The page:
Ghana is second-best in sub-Sahara Africa on 2011 Rule of Law Index

…Cited for lowering corruption levels

Ghana is second-best performer in sub-Sahara Africa on the World Justice Project’s (WJP) 2011 Rule of Law Index released in June, 2011 in Washington DC.

Ghana followed South Africa who topped the region among the nine countries the report covered.

Ghana beat Senegal, Cameroon, Nigeria, Ethiopia, Uganda, Kenya and Liberia from the 3rd to 8th respectively.

According to the Washington-based group, the region exhibited a range of performance levels, with South Africa and Ghana as the regional leaders, and the rest of the countries positioned at the bottom of the global ranking.

The Index, which covered 66 countries globally, also saw Ghana emerging as the best performer among the low-income countries. The eight low-income countries were Ghana, Bangladesh, Ethiopia, Cambodia, Kenya, Kyrgyzstan, Liberia and Uganda.

Based on three ranking – Global, Regional and Income Group rankings, the WJP used nine factors in determining Ghana’s position in the region. They are Limited Government Powers;  Absence of Corruption;  Order and Security; Fundamental Rights; Open Government; Effective Regulatory Enforcement; Access to Civil Justice; Effective Criminal Justice and the  Informal Justice.

On the Limited Government Powers factor which measures the extent to which those who govern are subject to law, Ghana had an overall score of 0.70 ranking 19 out of 66 countries globally, 1 out of 9 and 1 out of 8 in the low-income group ranking.

Scoring 0.49 points Ghana placed 41 of 66 globally, 3 of 9 regionally and  1 out of 8 on the Absence of Corruption factor which, according to index considers three forms of corruption – bribery, improper influence by public or private interests, and misappropriation of public funds or other resources.

The Order and Security factor measures how well the society assures the security of persons and property.  Ghana scored 0.65 points and ranked globally 47 of 66, regionally 3 of 9 and in low-income grouping 4 of 8.

Ghana topped both the region and the low-income group but placed 22 globally with a score of 0.72 points on the Fundamental Rights factor. The factor measures protection of fundamental human rights. It also recognizes that the rule of law must be more than merely a system of rules—that indeed, a system of positive law that fails to respect core human rights guaranteed and established under international law is at best “rule by law”, and does not deserve to be called a rule of law system.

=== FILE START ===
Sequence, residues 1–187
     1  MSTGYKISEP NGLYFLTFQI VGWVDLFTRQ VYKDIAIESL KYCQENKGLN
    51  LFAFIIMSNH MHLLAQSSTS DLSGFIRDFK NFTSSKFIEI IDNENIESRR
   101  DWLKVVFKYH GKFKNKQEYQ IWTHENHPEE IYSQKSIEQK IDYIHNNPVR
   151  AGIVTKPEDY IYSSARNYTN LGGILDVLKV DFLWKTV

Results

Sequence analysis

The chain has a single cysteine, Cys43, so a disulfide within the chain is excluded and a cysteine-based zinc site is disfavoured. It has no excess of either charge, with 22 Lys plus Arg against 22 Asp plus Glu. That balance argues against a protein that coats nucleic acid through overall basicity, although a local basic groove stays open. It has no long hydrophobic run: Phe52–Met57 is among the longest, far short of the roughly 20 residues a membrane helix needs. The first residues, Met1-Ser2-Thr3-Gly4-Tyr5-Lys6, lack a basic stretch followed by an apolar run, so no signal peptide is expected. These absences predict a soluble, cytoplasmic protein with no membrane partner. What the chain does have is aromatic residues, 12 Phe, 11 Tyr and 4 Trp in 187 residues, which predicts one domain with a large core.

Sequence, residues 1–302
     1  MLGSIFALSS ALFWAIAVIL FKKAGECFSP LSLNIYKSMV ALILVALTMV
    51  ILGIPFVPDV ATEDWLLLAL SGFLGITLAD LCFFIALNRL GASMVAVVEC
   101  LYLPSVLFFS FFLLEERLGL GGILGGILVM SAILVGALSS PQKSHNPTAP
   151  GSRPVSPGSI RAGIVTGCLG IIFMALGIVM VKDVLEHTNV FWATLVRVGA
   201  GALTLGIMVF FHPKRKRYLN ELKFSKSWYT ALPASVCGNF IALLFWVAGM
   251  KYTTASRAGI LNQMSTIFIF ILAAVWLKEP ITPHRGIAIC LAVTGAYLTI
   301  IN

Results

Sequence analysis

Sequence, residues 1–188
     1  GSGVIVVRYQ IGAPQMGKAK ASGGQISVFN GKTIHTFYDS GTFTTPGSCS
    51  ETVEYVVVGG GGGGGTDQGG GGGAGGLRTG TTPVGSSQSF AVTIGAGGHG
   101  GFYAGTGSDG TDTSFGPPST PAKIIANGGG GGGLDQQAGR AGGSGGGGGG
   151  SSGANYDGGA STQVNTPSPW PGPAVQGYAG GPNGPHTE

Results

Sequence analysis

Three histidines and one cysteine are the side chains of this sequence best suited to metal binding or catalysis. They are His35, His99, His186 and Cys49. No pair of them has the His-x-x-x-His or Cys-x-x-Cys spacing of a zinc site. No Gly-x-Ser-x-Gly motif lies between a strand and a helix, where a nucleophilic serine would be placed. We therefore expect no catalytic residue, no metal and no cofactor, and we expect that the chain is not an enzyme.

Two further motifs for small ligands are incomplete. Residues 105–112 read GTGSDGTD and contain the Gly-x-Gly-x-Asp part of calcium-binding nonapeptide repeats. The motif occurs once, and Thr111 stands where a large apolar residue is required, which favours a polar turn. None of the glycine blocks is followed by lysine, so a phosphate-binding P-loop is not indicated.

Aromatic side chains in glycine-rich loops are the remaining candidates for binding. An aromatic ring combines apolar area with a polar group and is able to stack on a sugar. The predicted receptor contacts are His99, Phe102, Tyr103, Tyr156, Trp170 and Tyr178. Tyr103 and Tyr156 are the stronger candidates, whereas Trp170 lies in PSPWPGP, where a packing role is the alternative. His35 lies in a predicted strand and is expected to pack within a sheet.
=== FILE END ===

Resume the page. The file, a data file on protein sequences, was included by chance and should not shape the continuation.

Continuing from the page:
Ghana, with a score of 0.49 points, placed 31/66 (global), 2/9 (regional) and 1/8 (low-income) on the Open Government Factor – measuring the opportunity to know what the law is and what conduct is permitted and prohibited.

On Effective Regulatory Enforcement which concerns the fair and effective enforcement of administrative regulations, the country scored 0.50 points ranking 44/66, 3/9 and 1/8 globally, regionally and low-income grouping respectively.

Access to Civil Justice requires that the system be affordable, effective, impartial, and culturally competent.  Ghana with a score of 0.59 points globally, regionally and low-income grouping placed 26/66, 2/9, 1/8 respectively.

Effective Criminal Justice systems are capable of investigating and adjudicating criminal offences impartially and effectively, while ensuring that the rights of suspects and victims are protected.  Ghana placed 31/66, 2/9 and 1/8 globally, regionally and low-income group.

“The country enjoys a good system of checks and balances. Public administration bodies are relatively effective and corruption levels are lower than in most other countries in the region,” the index said.

It adds that Ghana’s the civil justice system is relatively independent, but still inaccessible to most people.

It said the country needs to pay attention to the security, vigilante justice, criminal investigation and adjudication systems which are lagging behind.

The WJP Rule of Law Index 2011 is the result of four years of intensive development, testing, and vetting—including interviewing 66,000 members of the general public and more than 2,000 experts in 66 countries and jurisdictions.
The Index indicated that it interviewed persons in Accra, Kumasi and Tamale.

By Ekow Quandzie

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